The problem is that the substance of the material in Hell’s Kitchen tends to emphasise at best the subjective capacity of the rulers, planners and reformers, but not of the ordinary inhabitants of the Middle West Side. The sections on the Progressives in fact seem to show precisely how, for all the good intentions, reformers were ultimately intent ‘that the provision of a proper spatial environment, including park space, would generate a citizen more in line with what they saw as the needs of a modernising economy and complex society’ (p.42). Unless the unwarranted assumption is made that Harvey is a simplistic determinist, it is hard to see how this conclusion about the progressives departs from an analysis of how the ‘logic of capitalist production’ translates into actual social policy and practice.

The extension of the concept of ‘representational space’ does not seem to reveal anything very much about the subjectivity of the workers in Hell’s Kitchen, so much as it fleshes out the reformers’ perspectives, particularly in the section on photography and other types of images, (pp.49-61). There was a great deal of judgmentalism in the Progressives view of the city:

‘So while cramped spaces without proper ventilation and dirty streets lacking maintenance bred disease, criminality, and mortality, they more importantly served as signifiers of a future crisis, particularly concerning the youth. How could these young people grow into proper citizenship, be trusted with liberal “freedoms”, when their values were formed in such spaces’ (p.51).

The Progressive attempt to reform these areas, by the introduction of parks, playgrounds, new tenement laws, ‘and various efforts to open up the cramped spaces of urban working-class neighborhoods to the visibility of middle-class moral judgment,’ can be assessed as largely a failure (p.61). The explanation for this seems really not to lie in the nature of representation, but rather in the class forces involved; reforms introduced through problematic bourgeois motivations and imposed on a population, rather than being gains made by working-class organisation and struggle. It is unclear how far Varga might disagree with this point, but, in any case, the conclusions based on empirical matter often do not seem to bear out or require the theoretical discussions which precede or follow them. A case in point is the observation that while ‘some residents clearly preferred the orderly yet paternalistic atmosphere of model buildings, others chose to avoid the rules, regulations, and screening process such buildings required of tenants’ (p.148).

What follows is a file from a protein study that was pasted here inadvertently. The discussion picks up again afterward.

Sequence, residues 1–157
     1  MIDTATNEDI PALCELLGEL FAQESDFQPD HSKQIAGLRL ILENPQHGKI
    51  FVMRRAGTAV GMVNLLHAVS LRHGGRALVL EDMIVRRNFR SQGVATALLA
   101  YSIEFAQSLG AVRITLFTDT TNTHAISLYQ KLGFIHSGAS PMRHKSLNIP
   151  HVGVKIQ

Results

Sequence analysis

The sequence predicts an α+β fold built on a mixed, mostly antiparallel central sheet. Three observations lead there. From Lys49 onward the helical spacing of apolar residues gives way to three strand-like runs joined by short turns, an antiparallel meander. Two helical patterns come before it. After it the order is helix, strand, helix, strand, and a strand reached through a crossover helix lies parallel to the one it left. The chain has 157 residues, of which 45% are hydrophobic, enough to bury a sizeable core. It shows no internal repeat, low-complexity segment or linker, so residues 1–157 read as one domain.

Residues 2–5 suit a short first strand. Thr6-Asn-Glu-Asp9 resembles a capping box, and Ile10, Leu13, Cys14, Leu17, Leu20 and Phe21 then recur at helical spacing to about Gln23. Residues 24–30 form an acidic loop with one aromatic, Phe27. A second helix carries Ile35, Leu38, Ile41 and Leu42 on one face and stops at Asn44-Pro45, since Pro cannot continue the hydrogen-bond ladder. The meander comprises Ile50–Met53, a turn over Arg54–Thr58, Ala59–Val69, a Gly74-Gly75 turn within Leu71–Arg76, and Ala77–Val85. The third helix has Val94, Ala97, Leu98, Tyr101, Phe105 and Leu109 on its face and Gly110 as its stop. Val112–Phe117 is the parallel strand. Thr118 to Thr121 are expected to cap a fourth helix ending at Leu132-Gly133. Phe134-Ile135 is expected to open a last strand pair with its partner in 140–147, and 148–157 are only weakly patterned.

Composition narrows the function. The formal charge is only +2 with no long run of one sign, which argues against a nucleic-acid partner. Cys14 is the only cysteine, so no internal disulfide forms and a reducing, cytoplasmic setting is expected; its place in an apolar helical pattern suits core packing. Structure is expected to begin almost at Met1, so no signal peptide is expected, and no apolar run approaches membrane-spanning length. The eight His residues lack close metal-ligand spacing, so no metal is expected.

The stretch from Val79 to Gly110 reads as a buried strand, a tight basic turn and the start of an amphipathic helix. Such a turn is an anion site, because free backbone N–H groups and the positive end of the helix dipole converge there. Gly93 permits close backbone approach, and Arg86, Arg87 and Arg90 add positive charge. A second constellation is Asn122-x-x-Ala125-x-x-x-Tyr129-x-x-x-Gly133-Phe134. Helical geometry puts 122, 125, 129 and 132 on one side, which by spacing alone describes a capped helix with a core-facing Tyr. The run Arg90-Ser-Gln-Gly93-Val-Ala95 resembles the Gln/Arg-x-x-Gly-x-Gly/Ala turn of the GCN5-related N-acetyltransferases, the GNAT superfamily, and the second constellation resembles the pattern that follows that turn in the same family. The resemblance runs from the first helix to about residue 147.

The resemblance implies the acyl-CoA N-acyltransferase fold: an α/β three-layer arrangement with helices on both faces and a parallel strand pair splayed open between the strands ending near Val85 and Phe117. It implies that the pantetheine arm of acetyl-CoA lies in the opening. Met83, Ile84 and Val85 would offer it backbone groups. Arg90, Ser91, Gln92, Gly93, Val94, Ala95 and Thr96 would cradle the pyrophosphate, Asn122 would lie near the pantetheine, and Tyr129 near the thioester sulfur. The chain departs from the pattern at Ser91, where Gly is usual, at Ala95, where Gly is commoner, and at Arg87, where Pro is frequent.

This does not mean that the book does not contain numerous vivid passages of real, if usually grim, interest. Perhaps a highlight is the account of the corruption and violence of the police in Hell’s Kitchen. The police earned a significant amount of their income through such practices as arresting women on erroneous charges of prostitution, to force them to pay bonds for their release. These were bought from local bondsmen, ‘who then kicked back part of their fees to the arresting officer’ (p.109). Despite progressive efforts at reform of the police, the deeply oppressive behaviour of the force against those perceived as non-respectable continued, and Varga has several stories to tell of the violent results. Yet rather than produce community solidarity against the police, the effect seems to have been to entrench racial violence and hierarchy.

Illustrating this is the story of a riot that had its origins in a police officer’s attempt to arrest an African-American woman, May Enoch, probably to extort bail money. The policeman is injured and latter dies after an altercation with May’s husband. The sequence of events leads to white mobs attacking African Americans, clearly with considerable police protection and support. Varga notes that there were some ‘white witnesses appalled by the lack of protection afforded to black residents’, but the story seems to confirm how far racial hierarchy precluded effective class solidarity. It may be that this grim picture is all that is available from the history of Hell’s Kitchen in 1900, but Varga does appear to take the situation for granted rather than question whether there were any signs of possible alternatives in the society of the area.

Ultimately therefore the account is a deeply pessimistic one. Although Varga seeks to at least nuance the argument that there was a separation of class from community in American society, the conclusion is nevertheless that ethnically structured neighbourhoods meant that urban geography became ‘the mediating force that prevented lasting solidarity’ (pp.37-8). No doubt this is so, but Varga seeks to make a claim that working-class ‘political action can take multiple paths’, while these multiple paths ‘do not necessarily comprise collective organising or community activism’. What is left after this caveat may represent activity by some working-class people, but does not represent political action by the working class, never mind effective opposition to the reproduction of capital in urban space.

In general terms, it is certainly possible to agree with Varga that the production of space is not a purely top-down process, and certainly does involve contested and imagined representations. Yet, the real question is how far the working class has been able, or could be able, to seize control of the shaping of urban space collectively, and overcome debilitating divisions of race and gender hierarchies in particular. Here, the story seems to be one largely of the ways that the nature of urban space interfered with the formation of class consciousness outside the workplace itself.

The individual subjectivities in Varga’s ‘representational space’ may frustrate the idealised plans of reformers, but are, taken as a whole, compliant with the overall systemic logic of capital in the urban space (for example pp.190-1). Atomised subjectivity is merely Pyrrhic, as it will always, one way or another, be corralled for the benefit of capital in general, if not for particular bourgeois projects. Ultimately, where subjectivity can and must play a key role is in the capacity of the working class to act collectively through conscious politicised action to challenge the very real, grim logic of the production of surplus value.

Dominic Alexander

Dominic Alexander is a member of Counterfire, for which he is the book review editor. He has been a Stop the War and anti-austerity activist in north London for some time. He is a published historian whose work includes the book Saints and Animals in the Middle Ages, a social history of medieval wonder tales